A year ago Gamble might not have been able to crank it up for the walk-off homer, the first game-ending blast of his career dating back to youth league baseball. Renfroe and Gamble agree that this past summer was well spent for the young leftfielder. Gamble stayed in Auburn in order to put on weight and work on his throwing and baserunning. After hitting .499 with 14 doubles, 15 triples and 20 home runs in his three years as a starter for Jeff Davis High in Montgomery, Gamble came to Auburn as a six-foot, 164-pounder. Gamble knew he needed to get stronger and made it happen, entering his sophomore season at 188 pounds. He¹s stronger at the plate, has built up his arm with constant long-tossing exercises and has learned to use his speed on the basepaths and the field much better by working on his technique. As freshman Gamble compiled a respectable .276 batting average in 58 games, including 49 starts. He came on strong down the stretch, hitting safely in 19 of Auburn¹s final 20 games. Gamble was five-of-six at the plate during the Southeastern Conference Tournament. He followed that with a grand slam homer and five runs batted in to tie an Auburn record for an NCAA Regional game. The mark tied by Gamble against Florida Atlantic is shared with two-time American League Most Valuable player Frank Thomas, who had five RBI for Auburn during the 1987 NCAA Regional.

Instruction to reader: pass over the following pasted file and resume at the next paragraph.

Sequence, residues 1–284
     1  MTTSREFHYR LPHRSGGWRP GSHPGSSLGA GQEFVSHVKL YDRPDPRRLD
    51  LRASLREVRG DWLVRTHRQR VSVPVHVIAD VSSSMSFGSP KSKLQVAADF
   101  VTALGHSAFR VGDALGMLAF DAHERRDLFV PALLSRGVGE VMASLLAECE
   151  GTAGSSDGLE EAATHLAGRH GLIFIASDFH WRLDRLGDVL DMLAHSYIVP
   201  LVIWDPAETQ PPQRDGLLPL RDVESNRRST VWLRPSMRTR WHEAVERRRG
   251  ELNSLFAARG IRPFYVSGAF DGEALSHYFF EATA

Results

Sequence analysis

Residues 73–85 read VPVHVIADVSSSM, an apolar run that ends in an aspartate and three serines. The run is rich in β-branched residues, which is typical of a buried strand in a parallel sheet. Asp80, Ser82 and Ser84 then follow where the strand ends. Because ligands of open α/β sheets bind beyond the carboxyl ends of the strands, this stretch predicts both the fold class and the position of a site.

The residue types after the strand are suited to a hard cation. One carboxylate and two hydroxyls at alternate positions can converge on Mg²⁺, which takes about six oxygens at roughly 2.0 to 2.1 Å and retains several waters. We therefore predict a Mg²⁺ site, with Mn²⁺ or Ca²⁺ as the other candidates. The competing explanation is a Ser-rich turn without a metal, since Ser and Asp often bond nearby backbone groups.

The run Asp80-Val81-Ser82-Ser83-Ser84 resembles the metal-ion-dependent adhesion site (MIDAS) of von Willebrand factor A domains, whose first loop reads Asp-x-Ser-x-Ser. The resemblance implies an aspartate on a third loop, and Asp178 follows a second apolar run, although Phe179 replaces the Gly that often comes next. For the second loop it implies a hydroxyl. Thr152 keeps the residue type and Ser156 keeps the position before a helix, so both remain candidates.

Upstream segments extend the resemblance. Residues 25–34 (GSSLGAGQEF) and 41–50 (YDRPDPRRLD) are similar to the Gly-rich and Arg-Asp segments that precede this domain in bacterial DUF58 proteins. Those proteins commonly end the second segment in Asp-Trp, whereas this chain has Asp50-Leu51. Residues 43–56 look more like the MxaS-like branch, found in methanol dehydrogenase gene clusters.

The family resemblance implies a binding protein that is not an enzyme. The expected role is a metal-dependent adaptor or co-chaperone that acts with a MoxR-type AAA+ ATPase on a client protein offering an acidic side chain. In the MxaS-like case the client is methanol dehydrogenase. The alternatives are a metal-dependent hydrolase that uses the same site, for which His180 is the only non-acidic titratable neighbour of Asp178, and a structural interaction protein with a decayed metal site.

"He was a heck of a player during final month of last season," Renfroe notes. "He played great and I look for that out of Sean again this year." Gamble has an explanation for what happened his freshman year when he went 27 straight at bats without a hit before his strong finish. "I didn't realize how long the season was. By the middle of the season I was physically burned out. I had never lifted weights very much and it caught up with me. I had a lot of adrenaline for Friday games, but by Sunday games it was tough. Some days I didn¹t think I was going to be able to get out of bed to practice."